The Encyclopedia Americana (1920)/Marsh Crocodile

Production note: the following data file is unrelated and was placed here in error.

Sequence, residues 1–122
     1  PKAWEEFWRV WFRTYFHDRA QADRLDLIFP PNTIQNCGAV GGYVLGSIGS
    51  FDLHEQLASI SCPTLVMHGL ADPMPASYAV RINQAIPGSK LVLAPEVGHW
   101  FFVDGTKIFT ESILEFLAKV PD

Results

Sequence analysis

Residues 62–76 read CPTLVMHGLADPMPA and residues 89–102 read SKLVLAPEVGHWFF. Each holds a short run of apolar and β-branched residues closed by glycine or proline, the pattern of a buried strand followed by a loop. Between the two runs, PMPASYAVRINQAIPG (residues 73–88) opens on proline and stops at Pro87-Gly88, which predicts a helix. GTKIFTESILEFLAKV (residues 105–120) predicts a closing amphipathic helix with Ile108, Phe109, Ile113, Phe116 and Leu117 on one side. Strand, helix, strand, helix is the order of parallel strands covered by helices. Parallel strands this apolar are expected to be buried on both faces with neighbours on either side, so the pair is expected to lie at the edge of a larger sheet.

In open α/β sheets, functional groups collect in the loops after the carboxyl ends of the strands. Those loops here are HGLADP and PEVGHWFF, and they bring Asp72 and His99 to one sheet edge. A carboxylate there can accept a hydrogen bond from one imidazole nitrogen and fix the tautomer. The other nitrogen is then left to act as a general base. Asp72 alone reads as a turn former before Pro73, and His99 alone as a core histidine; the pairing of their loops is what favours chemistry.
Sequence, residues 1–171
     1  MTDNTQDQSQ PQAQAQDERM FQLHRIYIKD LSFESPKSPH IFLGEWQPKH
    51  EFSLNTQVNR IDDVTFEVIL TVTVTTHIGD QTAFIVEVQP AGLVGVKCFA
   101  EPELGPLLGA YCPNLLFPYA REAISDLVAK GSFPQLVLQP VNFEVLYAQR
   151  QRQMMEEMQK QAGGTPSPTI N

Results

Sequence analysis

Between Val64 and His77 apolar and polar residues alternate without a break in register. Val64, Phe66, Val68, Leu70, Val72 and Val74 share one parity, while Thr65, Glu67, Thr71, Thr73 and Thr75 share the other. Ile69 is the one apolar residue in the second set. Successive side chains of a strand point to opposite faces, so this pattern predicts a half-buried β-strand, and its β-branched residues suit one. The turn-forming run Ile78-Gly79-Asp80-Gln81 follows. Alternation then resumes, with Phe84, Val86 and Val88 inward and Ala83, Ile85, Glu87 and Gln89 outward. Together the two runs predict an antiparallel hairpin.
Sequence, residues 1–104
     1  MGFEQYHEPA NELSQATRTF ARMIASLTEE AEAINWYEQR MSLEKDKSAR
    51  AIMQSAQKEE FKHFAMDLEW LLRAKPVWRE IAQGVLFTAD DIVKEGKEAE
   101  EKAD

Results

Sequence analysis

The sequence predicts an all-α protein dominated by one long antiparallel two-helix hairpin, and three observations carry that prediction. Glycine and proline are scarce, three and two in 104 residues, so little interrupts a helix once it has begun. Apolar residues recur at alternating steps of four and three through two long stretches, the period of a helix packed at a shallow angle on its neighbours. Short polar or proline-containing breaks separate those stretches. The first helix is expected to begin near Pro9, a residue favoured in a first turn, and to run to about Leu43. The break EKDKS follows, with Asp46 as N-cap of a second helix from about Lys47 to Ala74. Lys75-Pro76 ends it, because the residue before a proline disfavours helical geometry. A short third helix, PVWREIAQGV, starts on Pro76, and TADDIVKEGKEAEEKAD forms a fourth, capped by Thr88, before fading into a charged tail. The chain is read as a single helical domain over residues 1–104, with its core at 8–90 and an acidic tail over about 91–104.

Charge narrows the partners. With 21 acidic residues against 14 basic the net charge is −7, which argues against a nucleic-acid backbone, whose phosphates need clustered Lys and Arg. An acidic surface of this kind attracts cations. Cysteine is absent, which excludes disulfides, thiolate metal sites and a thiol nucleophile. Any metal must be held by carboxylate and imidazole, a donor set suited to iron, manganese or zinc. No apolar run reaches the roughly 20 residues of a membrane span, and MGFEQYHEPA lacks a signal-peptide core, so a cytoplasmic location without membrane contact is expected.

MARSH CROCODILE, or MUGGER, the common inland crocodile of India, locally venerated by the Hindus, to whom it is known as ‘Mugger.’ It inhabits the tanks and marshes of India and Ceylon, and suitable places westward almost to the Persian coast and eastward throughout the Malay Peninsula snd islands. It is dark, olive-brown in general color above, lighter on the ventral surface; the young are paler, with black spots. A specimen 12 feet long is considered large, but instances of a length of 18 feet have been recorded. The head is rough-coated, but has no ridges; the snout is broad and the teeth number 76. These crocodiles swarm in river-marshes, weedy ponds and artificial reservoirs, throughout their range, feeding on fish and small animals, and little feared by horses, cattle or human beings, for in general they are cowardly and reluctant to attack men or even to resist injury. In case the water of their home dries away, they migrate to other pools, and in seasons of drought are likely to be met with anywhere wandering in search of water; as a last resort they will bury themselves in the mud and remain in torpor until revived by the coming of rains. These reptiles display considerable cunning in capturing their food and in avoiding harm, feigning death very cleverly. They are kept in a semi-domesticated condition in many parts of India by pious Hindus, whose priests build temples near the great ponds, protect and feed the reptiles and imagine the service pleasing to the gods as well as profitable to themselves. Extensive descriptions of the animal and of its worship may be found in the zoological works of Blanford, Jerdon, Tennent, Gadow and others and in such volumes as Adams, ‘Wanderings of a Naturalist in India’ (Edinburgh 1867) and Hornaday, ‘Two Years in the Jungle’ (New York 1885).